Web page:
You need to straighten out your regional settings and your date formats and align them with the month and day order of the dates in the CSV. They don't seem to gel at the moment.
41282.00003 is 8 January 2013 and not 1 August 2013.
Excel will try to interpret a date according to your computer's regional settings. If the regional settings are DMY and the date to be interpreted is 07/31/2013, the DMY order will not work and Excel will interpret the data as text. That is what you see. Text that looks like a date/time value. Try to format that apparent date/time value differently. You will see that you cannot, because it is text.
But if the next row of data has 08/01/2013, this fits very well into the regional setting's DMY scheme and it will be returned as 8-Jan-2013. You can change the cell's format to custom format
and it will show as
The value in cell A1 is the text value, not a real date time. The cell format is "General" and no amount of number formatting will change its appearance.
The value in cell A2 is a real date/time value, formatted with the above mentioned custom format.
When you import dates, take extra double care to check the order of day and month in the imported data. When you use the import wizard, you can specify what order the source data is in and all dates will be imported consistently.
Let's take a closer look at the second (real) date.
08/01/2013 00:00:02.863 formatted with "General" displays as
41282.00003 and formatted with a proper date shows as 8-Jan-2013. Fine.
If you increase the decimals for the General format, you will find that the actual underlying number is
41282.0000331366. This number has 15 numeric digits.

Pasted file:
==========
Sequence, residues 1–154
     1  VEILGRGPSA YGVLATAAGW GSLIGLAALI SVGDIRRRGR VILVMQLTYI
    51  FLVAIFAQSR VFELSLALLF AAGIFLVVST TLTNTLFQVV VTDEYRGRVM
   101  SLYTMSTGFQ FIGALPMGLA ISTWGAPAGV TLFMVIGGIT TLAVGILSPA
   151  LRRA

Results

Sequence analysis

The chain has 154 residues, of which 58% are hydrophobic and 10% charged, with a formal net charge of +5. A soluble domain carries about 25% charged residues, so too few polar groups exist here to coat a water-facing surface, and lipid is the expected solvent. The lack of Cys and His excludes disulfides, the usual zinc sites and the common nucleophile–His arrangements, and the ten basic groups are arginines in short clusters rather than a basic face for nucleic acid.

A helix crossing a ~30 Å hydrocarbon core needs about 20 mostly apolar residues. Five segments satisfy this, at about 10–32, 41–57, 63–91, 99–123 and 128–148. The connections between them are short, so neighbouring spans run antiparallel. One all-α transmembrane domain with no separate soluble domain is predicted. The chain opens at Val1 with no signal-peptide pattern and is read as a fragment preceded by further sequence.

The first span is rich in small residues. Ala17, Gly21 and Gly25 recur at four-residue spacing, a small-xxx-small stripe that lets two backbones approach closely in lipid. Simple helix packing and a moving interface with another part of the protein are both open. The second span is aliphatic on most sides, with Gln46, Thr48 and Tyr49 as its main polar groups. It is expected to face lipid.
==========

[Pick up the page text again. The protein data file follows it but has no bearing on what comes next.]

Formatted as a date, you can edit it and change the day from 8 to 7. The result will show in "General" Format as
41281.00003, but if you increase the number of displayed digits, you will see that the number is
How come? We only subtracted one day, so only the number before the decimal point should change.
Well, Excel has a built-in accuracy of only 15 digits for any number. Numbers with more digits will be rounded or the last digits will be replaced with zeros. Also, there is a well-known bug in Excel that affects the accuracy of numbers where the 15 digit limit is reached.
I think this is one example where the bug rears its ugly head.
When the date portion of our date/time value is changed, it will also cause a re-assessment of the decimals, which will lead to some rounding and inconsistent behaviour after the 4th decimal. Therefore, the actual second and millisecond data will be off.
See if this screenshot helps clarify:
The values in columns B to D all reference column A. The only difference between A1 and A2 is a manual change of the date from 08/01 to 07/01 (where the 01 is January, according to the regional settings of DMY).
The "General" format shows both values with a x.0003 decimal value. Extending the decimals shows that there is quite a difference in the decimals following the 4th decimal.
Since the desired end result is a value that shows seconds and milliseconds, the decimals after the 4th decimal really make a difference, and when the value is formatted with a custom format that shows seconds and milliseconds, that difference shows (in column A).
Also, note the three cells with the numbers consisting of just 15, 16 and 17 digits of 1, and how Excel simply replaces any digit after the 15th with a zero, because it cannot display a higher accuracy.